Pricing the Priceless Child.  Industrialization is a familiar subject, but thinking about the rise of wage labor through the lens of childhood – for many students, even recognizing that childhood has a history – is less so.  In her 1985 Pricing the Priceless Child, Viviana Zelizer argued that over the course of the long nineteenth century, children shifted from being seen as “useful” contributors to the family economy to being economically “worthless” – and, as any parents know well, actually very expensive – but emotionally “priceless.”[4]  Parents no longer expected a sort of reciprocity from their children, but, by the early twentieth century, expected to invest more into their children than they could ever hope to get back.  This seems counterintuitive to the logic of a market society.  So how did this happen?

“Cartoon shows crowds of children being plunged into the water on water wheel.” by Windsor McCay from the National Child Labor Committee Collection. Courtesy of the Library of Congress Prints and Photographs Division.

The early republic was a focal point for this transition.  Over the course of the nineteenth century, childhood came to be viewed as a moment of innocence in explicit contrast to tensions rooted in the breakdown of the pre-industrial social order and the household economy.  But by the 1830s, a class-based split was evident.  At the same time as middle-class children were removed from the workforce to train into a growing white-collar workforce, poorer families became more dependent on children’s labor.[5]  Thus we discuss, was Florence Kelley right in her turn-of-the-twentieth century assertion:  Should there be a fundamental “right to childhood”?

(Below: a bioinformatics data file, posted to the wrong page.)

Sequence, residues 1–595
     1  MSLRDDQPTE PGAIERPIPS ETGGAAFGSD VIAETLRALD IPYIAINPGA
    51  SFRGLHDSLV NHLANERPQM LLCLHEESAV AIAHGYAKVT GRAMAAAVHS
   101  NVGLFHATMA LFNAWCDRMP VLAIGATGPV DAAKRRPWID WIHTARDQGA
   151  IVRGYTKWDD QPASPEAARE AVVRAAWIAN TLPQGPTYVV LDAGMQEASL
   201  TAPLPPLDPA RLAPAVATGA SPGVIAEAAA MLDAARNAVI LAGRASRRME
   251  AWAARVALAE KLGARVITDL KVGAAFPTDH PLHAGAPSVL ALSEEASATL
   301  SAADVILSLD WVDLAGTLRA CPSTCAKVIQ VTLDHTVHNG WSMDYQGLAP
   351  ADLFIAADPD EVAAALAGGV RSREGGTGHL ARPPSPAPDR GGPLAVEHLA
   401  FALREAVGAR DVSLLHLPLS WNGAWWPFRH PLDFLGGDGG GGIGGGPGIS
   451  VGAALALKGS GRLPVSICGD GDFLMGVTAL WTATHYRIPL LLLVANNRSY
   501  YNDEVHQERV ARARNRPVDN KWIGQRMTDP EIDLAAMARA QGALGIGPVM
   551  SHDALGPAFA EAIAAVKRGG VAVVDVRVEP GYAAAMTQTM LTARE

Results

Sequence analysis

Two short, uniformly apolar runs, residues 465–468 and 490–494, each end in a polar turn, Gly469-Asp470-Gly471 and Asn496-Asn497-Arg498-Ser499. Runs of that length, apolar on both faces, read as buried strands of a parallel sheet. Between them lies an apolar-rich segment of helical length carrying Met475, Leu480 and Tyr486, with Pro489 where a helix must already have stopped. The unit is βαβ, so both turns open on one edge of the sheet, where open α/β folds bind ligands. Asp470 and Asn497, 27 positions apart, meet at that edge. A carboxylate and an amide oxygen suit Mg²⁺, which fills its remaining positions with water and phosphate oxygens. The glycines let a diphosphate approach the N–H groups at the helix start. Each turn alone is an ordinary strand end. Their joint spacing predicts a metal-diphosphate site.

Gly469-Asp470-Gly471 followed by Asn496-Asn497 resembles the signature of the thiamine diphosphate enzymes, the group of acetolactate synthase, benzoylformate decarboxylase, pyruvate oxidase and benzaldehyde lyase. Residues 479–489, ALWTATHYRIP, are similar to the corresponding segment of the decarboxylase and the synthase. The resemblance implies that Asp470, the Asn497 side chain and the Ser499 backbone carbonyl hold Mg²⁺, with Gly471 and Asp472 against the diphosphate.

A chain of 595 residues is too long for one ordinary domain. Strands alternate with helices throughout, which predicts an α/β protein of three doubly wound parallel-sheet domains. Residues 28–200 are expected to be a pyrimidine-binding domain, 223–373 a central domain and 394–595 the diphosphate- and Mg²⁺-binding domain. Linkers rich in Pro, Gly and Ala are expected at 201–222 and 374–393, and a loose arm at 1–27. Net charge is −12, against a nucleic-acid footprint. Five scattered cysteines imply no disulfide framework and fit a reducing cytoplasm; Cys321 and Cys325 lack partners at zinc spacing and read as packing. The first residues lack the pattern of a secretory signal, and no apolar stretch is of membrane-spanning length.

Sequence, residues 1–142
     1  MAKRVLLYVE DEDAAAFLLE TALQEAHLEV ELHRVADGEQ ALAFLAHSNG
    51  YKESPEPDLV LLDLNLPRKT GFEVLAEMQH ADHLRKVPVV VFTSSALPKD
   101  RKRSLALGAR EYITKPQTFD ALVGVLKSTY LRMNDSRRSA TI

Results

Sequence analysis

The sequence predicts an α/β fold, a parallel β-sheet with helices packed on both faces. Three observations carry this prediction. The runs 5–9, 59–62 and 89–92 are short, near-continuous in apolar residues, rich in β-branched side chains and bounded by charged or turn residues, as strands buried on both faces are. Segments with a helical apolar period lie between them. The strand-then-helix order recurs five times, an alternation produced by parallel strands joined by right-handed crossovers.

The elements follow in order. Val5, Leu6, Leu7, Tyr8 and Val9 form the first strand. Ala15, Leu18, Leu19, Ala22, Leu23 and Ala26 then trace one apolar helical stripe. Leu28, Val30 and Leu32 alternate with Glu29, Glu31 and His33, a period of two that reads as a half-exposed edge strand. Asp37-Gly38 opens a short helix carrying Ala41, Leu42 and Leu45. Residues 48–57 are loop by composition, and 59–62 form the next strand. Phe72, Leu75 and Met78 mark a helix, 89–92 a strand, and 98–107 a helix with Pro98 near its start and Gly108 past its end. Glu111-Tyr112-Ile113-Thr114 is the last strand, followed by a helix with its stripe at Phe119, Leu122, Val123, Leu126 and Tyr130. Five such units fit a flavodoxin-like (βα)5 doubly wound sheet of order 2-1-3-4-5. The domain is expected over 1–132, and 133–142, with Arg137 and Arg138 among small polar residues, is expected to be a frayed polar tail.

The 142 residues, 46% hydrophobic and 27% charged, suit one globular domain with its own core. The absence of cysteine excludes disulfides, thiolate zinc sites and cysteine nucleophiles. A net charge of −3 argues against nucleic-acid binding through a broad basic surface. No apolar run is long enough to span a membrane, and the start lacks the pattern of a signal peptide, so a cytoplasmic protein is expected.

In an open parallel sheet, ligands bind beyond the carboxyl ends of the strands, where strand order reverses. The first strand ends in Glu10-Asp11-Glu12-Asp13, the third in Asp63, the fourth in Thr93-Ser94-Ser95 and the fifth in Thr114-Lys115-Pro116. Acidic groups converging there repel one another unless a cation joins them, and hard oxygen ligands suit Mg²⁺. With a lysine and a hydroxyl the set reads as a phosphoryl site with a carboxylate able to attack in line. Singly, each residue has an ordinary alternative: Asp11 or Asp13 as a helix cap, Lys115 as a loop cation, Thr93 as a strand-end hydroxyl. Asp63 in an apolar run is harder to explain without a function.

For many Cal Poly Pomona students, “family economy” is not a foreign concept.  Students often contribute to extended households through wages and extended networks of child and elder care.  The class considers the modern norms in conjunction with the historical debates.  Antebellum reformers and labor activists from Seth Luther to Thomas Skidmore, Robert Owen, and Fanny Wright used childhood to articulate arguments about what an American industrial society should look like.  What was exploitation versus healthy work?  What were the rights of parents versus employers versus children themselves?  What kinds of education should be required of all children regardless of their parents’ ability to pay, in order to maintain a democratic society?  Conversely, we probe how “childhood” also been exploitative—from apprenticeship laws geared toward Native Americans and African Americans to contemporary internships.  If the former examples elicit anger, the latter brings the issue home:  As juniors and seniors, they are more than ready to discuss internships touted as educational that sometimes were, and others that turned out to be little more than unpaid labor.

Can’t Buy Me Love. The literature rethinking slavery and capitalism is exploding.  But, to provide a final example, Amy Dru Stanley’s canonical examination of slavery and sexuality in conjunction with marriage and prostitution provides a starting point for considering market boundaries.  What, morally, should not be commodified?

Beginning in the 1830s, abolitionists circulated a series of “exposés” of how “love itself was profaned” through the breeding of slaves.[6]  Defenders of slavery in Congress vociferously denied that any such thing took place.  My students are almost universally skeptical of such protestations.  But the fact of protest is key.  Why was it morally defensible to have legal dominion over the bodies of other persons, to even separate families through sale – but “breeding” was anathema?